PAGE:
A House Boat in Kerala can be counted as one of the best ways to spend 24 hours of your life. As you float over the serene backwaters of the Arabian Sea, you step back in time and enter a World of fishing nets, water lilies, lush paddy fields, coconut groves, floating villages and temples. The House Boat in Kerala is a journey from Kumarakom to Allepey with a night halt in the backwaters, is one of the must do things before you die!
Kumarakom is located 16 Kms from the city of Kottayam. Kumarakom is well connected by Buses from Chennai, Mangalore, Bangalore as well as all major cities of Kerala. Kottayam is the nearest Railway Station for Kumarakom. The nearest airport to Kumarakom is 85 Kms away at Cochin. Taxis are readily available for Kumarakom from both Kottayam and Cochin.
For a bird's eye view of the backwaters of Kerala, visit The Great Backwaters.
A houseboat in Kerala is called “Kettuvalam” and had been the mainstay for transporting men and material from ancient times. While they come in all sizes, the most common ones are 67 feet in length and 13 feet wide. These boats used to be the most efficient ways of transporting rice and spices from plantations to the markets.
Once Motorized Road ways and Railways came, these Boats became redundant and were converted to House Boats to boost Tourism in Kerala.
"Anjili" or Artocarpus hirsuta is the main type of wood that is used to build a Houseboat. Other material like bamboo poles, coconut fiber, ropes, bamboo mats, carpets are all locally available and ecofriendly. The hull is a series of long cut and carved wooden planks which are tied together using coir. To ensure longevity, a caustic black resin extracted from boiled cashew kernels is used to provide a coating. Bamboo is used for the framework of the roof. The most popular design used these days for Backwater Tours is a Houseboat with 3 bedrooms, a living room, a kitchen and a bathroom. A deck balcony on the roof is a popular attraction.
Kottayam district is the hub for Backwater Tourism. A network of rivers and canals empty into the Vembanad Lake and this provides the picturesque backdrop for the House Boat experience. Kumarakom is a small town in the edge of Lake Vembanad and is the boarding point for the famous House Boat in Kerala journey to Allepey.
Kumarakom has a bird sanctuary for migratory birds. It used to be a called Baker’s Estate when it was developed by an Englishman in a rubber plantation. Some of the migratory birds you can catch here are Siberian crane, Parrot, teal, lark and flycatcher. The other birds which make Kumarakom their home are Waterfowl, Cuckoo, Owl, Egret, Heron, Cormorant, Moorhen, Darter, Brahminy kite and the Duck.Dawn is the best time to watch the birds as they leave their homes and fly off for the day’s work.
Another must visit at Kumarakom is the Bay island Driftwood Museum at Chakranpadi. This museum showcases a collection of driftwood articles of artistic value. The museum’s founder was Raji Punnoose, a teacher in the Andaman and Nicobar Islands. She started the collection by collecting drift wood washed away by cyclones on the Bay of Bengal. She cleansed the items; removed dead parts removed, scraped and trimmed it to different shapes. It’s incredible to see the power of nature as some of the objects were seasoned in Bay of Bengal for centuries and molded as sculptures through hydrodynamic process of the sea waves. This Museum entered the Limca Book of Records in 2010 and they citation reads as “The Limca Book of Records has certified that Bay Island Museum (est. 2001) located in Kumarakom, Kerala, the only drift wood museum, showcases objects that have been painstakingly recovered and collected from the Andaman seas and beaches by Raji Punnoose (proprietor and curator) during her career as a post graduate teacher in the islands”.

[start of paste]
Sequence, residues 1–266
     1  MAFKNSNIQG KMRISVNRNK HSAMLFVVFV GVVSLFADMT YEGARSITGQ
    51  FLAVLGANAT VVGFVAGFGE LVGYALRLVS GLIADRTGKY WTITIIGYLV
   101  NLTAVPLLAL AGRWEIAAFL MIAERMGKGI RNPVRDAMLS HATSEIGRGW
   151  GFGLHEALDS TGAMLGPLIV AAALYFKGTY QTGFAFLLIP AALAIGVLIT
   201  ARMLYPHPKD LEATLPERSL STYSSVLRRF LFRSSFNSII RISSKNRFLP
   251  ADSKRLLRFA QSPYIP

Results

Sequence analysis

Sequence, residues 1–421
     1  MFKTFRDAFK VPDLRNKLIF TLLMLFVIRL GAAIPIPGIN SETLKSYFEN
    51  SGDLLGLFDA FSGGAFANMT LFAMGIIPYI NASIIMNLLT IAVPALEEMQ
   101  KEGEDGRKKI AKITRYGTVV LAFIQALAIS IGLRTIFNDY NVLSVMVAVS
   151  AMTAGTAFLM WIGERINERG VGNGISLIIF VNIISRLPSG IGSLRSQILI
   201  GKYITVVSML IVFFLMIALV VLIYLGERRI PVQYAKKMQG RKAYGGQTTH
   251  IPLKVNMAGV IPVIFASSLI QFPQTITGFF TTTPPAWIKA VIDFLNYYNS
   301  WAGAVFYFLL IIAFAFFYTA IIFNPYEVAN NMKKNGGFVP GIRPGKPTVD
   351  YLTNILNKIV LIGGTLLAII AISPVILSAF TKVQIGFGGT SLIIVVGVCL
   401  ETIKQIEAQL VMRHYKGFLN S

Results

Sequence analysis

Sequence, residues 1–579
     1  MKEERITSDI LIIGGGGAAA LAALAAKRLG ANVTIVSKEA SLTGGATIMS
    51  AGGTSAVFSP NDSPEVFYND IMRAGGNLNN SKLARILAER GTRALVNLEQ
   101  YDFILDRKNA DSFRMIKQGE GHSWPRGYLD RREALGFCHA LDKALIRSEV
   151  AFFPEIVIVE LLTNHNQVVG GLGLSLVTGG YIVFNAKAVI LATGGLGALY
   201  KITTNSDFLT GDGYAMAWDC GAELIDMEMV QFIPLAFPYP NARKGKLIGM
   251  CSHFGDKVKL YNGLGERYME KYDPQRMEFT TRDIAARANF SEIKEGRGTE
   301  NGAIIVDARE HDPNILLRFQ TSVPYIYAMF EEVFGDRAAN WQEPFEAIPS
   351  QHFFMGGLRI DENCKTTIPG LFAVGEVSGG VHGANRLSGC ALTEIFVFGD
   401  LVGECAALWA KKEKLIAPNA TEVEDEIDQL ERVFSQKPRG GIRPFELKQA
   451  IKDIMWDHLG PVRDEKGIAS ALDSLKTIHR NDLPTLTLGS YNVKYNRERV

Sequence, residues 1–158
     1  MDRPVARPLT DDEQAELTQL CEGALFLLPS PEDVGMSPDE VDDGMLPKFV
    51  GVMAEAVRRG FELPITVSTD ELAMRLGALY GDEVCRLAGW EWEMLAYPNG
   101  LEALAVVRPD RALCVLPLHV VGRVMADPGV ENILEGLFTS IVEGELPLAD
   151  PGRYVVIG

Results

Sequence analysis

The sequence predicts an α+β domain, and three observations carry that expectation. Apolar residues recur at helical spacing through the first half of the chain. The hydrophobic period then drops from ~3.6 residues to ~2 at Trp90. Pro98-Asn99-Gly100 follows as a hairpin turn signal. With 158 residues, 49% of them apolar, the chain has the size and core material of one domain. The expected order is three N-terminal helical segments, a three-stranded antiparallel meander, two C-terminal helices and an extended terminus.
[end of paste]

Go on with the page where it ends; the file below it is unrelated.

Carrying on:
Allepey is the second leg of the House Boat in Kerala journey after Kumarakom. It is situated 62kms away from Kochi towards the South. It is called Alappuzha in the local language and means the land between the sea and network of rivers flowing into it. Allepey is famous for its canals, backwaters, beaches, and lagoons which led to Lord Curzon calling it the Venice of the East.
Allepey has a thriving Coir Industry which provides the main source of employment to the local population. Historians believe Allepey had trade relations with ancient Greece and Rome in the middle Ages.
One of the seven Churches founded by St Thomas is located in Allepey at Kokkamangalam. St Thomas had supposedly arrived here in 52 AD and performed a miracle. As per "Rampan Pattu", an ancient form of Christian folk-song, St Thomas preached here for a year and 1600 local inhabitants converted to Christianity. While the original Church no longer remains, another one was built on the same site in 1900 and can be visited even today. People of Kokkamangalam are employed in the Cottage Industries of Coir Spinning and Coconut Processing.
The most popular boat race in India is held on Punnamada Lake in Allepey. This is an annual event held on the second Saturday of every August. The most popular event here is the Chundan Vallam, which is popularly known as Snake Boat Race. These boats are more than 100 feet long and are built as per Sthapathya Veda, an ancient treatise for the building of wooden boats. Each boat belongs to a village and is worshiped as a deity!
Allepey has a magnificent Beach and is definitely worth a visit. There is a Light House on the Beach which provides splendid views of Arabian Sea, Ambalappuzha Sri Krishna Temple, Edathua Church, Champakulam Valia Palli, Krishnapuram Palace. Watching the Sun Set on Allepey Beach is a fitting way to end the magnificent House Boat in Kerala journey.
For a travelogue on a quaint village in Kerala which is the world's largest cardamom producer, visit Vandenmedu.